Cracks in the fuel system

Jan. 1, 2020
The Engine Control Module (ECM) constantly monitors fuel trim corrections and will flag a code when it determines that it cannot maintain a lambda mixture. The two codes you might see are system rich or system lean and they might be set for one or bo

Tips for troubleshooting system lean codes

Drivability system lean codes ECM MAF sensors vehicle diagnostics repair shop training technician training A/C training automotive aftermarket The Engine Control Module (ECM) constantly monitors fuel trim corrections and will flag a code when it determines that it cannot maintain a lambda mixture. The two codes you might see are system rich or system lean and they might be set for one or both banks of the engine. Of the two, system lean codes are the more common.

What Causes The Code?

The ECM is in charge of controlling fuel delivery to the engine, and it needs to keep the air/fuel mixture very close to lambda to keep the catalytic converter safe and happy. The only way the ECM knows that it is successful is by the feedback the oxygen sensor(s) provide. The sensors tell the ECM if the mixture it sent was too rich (too much fuel) or too lean (too little fuel). Based on that response, the ECM makes corrections that we can see on our scan tool as fuel trim Parameter Identifiers (PIDs).

There are two types of fuel trim: short-term (STFT) and long-term (LTFT). STFT is an ECM modification to correct for immediate variations and actually is required in order to accurately determine air/fuel mixture via a conventional oxygen sensor. LTFT also is an ECM modification, but is a learned value based on the trends the ECM has seen in STFT. Visit our community at and search our online archives to learn more. Using keyword "P0171" should get you started.

If the ECM has to continue to add fuel corrections short-term, LTFT will learn that correction trend and start to alter the injector on time first. If the long-term correction reaches its predetermined maximum and STFT still is trying to increase on time, the ECM sets the system lean code. It simply cannot correct for whatever condition is requiring so much extra fuel. The question is, is the lean condition caused by too much air, too little fuel or a lie?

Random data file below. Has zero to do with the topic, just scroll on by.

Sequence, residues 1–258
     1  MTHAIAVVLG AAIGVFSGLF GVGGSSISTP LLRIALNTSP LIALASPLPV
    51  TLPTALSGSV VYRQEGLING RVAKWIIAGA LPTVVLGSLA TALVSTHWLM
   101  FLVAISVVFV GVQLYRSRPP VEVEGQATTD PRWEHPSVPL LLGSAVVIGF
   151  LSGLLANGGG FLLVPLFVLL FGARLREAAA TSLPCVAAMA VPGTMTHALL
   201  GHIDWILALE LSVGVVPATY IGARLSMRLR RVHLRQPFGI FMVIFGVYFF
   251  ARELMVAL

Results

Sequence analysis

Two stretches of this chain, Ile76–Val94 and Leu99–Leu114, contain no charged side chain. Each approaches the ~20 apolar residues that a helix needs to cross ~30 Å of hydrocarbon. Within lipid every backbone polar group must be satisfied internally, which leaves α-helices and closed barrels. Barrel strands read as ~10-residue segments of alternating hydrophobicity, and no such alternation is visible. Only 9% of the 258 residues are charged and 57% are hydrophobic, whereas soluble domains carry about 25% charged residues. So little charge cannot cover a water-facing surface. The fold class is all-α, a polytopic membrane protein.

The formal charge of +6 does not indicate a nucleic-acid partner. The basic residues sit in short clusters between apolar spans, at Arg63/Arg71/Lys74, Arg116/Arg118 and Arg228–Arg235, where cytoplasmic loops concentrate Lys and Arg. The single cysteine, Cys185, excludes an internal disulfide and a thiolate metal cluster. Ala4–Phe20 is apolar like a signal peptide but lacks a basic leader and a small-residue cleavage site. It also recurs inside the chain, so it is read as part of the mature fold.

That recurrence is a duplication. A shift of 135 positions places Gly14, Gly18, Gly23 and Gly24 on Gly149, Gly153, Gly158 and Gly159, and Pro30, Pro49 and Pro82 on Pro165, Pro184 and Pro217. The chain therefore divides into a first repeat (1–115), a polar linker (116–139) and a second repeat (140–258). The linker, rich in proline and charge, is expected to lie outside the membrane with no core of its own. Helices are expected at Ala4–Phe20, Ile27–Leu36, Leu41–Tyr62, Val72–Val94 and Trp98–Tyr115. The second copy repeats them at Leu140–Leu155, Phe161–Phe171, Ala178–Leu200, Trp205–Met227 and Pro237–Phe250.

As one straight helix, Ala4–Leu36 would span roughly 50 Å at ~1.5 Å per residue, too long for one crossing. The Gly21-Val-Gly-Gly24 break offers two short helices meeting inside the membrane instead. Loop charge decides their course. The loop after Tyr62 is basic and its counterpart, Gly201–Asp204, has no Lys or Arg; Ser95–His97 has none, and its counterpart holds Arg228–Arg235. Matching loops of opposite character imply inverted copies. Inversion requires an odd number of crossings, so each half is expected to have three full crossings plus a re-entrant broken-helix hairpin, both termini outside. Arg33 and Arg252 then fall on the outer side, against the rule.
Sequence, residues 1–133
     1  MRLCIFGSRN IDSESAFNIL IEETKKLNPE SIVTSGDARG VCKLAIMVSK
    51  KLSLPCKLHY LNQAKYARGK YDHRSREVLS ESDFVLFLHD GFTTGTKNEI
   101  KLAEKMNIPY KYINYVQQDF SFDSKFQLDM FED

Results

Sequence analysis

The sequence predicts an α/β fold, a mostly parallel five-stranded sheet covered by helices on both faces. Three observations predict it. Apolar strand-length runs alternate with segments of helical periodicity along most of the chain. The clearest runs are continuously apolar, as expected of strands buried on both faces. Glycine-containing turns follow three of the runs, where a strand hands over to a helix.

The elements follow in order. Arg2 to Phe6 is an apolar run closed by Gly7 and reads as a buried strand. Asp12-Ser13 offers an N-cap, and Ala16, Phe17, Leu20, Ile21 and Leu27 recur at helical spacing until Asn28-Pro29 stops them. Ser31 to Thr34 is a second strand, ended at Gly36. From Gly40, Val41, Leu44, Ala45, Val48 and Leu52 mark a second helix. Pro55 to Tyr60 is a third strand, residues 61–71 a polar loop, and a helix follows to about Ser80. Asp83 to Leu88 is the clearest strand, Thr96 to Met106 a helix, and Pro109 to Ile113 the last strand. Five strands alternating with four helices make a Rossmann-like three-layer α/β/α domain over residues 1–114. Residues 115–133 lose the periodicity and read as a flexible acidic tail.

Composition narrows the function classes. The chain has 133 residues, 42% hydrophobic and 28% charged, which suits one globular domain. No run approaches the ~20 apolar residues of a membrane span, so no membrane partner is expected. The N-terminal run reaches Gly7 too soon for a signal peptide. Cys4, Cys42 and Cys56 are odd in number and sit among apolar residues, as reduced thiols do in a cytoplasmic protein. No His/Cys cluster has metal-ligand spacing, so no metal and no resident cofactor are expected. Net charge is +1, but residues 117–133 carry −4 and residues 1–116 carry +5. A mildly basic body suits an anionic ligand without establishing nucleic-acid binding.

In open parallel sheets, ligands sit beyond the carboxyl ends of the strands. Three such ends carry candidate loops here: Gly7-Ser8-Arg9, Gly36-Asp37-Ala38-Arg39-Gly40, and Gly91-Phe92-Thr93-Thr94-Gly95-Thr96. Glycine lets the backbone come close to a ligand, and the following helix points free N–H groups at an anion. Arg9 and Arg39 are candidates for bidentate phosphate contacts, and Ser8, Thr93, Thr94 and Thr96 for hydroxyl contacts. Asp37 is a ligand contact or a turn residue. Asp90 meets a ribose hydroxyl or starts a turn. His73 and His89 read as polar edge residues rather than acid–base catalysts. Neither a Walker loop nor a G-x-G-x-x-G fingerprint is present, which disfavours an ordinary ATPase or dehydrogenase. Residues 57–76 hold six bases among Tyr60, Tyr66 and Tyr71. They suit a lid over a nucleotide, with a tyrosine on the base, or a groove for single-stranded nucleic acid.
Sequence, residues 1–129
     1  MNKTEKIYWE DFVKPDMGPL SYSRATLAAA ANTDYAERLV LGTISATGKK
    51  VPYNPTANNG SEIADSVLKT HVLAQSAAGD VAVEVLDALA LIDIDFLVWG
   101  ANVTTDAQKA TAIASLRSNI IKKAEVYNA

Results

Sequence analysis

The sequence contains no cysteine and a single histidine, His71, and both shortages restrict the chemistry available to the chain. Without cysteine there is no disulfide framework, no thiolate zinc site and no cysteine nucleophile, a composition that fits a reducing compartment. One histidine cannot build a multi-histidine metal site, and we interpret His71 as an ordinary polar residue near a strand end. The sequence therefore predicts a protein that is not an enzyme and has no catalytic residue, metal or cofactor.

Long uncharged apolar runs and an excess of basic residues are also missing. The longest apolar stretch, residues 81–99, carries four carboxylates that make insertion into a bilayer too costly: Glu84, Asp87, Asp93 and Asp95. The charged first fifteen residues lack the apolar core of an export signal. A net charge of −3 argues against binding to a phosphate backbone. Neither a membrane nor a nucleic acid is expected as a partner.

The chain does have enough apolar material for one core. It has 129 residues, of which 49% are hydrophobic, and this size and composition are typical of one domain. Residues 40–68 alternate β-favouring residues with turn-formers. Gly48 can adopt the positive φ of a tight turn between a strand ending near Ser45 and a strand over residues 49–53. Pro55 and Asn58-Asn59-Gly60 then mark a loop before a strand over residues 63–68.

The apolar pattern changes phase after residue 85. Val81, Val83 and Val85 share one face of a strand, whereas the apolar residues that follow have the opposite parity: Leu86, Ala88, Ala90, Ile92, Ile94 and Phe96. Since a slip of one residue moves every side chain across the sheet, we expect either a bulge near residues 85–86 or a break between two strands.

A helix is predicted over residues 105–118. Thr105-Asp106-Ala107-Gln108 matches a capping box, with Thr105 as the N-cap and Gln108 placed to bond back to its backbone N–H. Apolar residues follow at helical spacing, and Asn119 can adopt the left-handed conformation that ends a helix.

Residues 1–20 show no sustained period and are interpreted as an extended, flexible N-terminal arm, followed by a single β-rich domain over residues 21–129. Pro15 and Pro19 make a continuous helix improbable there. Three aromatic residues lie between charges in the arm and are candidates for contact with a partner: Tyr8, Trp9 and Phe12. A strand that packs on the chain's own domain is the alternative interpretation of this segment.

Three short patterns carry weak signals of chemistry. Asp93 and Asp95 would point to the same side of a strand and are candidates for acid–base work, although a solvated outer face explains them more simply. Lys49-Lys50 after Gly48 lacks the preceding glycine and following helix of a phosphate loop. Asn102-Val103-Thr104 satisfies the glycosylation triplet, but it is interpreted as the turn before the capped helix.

First, Information

The first step in troubleshooting a fuel trim related code like this one is to review the conditions the engine was under when the code was recorded. That's found in the freeze frame data associated with the code.

Did the code set under idle conditions: low rpm and next to no vehicle movement? Or did the fault occur under cruise conditions: higher rpm, engine at operating temperature, vehicle at highway speeds? Both provide diagnostic direction.

On a Mass Airflow sensor (MAF) equipped engine (and most of the ones I work on now are), lean codes recorded at idle usually indicate that air is entering the engine somewhere it shouldn't. Codes recorded at higher rpm often are caused by fuel delivery problems. And a sensor that isn't telling the truth can cause both.

The MAF sensor can be used as a diagnostic aid. Start the car and allow it to reach operating temperature. Record the STFT and LTFT numbers and add the two together. This is called Total Fuel Trim (TFT). I know STFT is alternating constantly, and it's supposed to. Use the average PID reading for this exercise. Do this for both banks, if applicable. Now raise rpm to about 2,500 and record the numbers.

If TFT at idle is substantially higher than TFT at 2,500 for all banks, suspect an air leak. Air leaks don't pass that much air, but in comparison to the total amount of air ingested, it is a greater percentage of the total when the engine is idling and the throttle is closed, and has a correspondingly greater influence.

If TFT is about the same, odds are it's not a vacuum leak, so don't look for one. Instead, make sure the MAF reading is accurate and that fuel delivery is correct. And not just pressure — make sure fuel delivery volume is as it should be.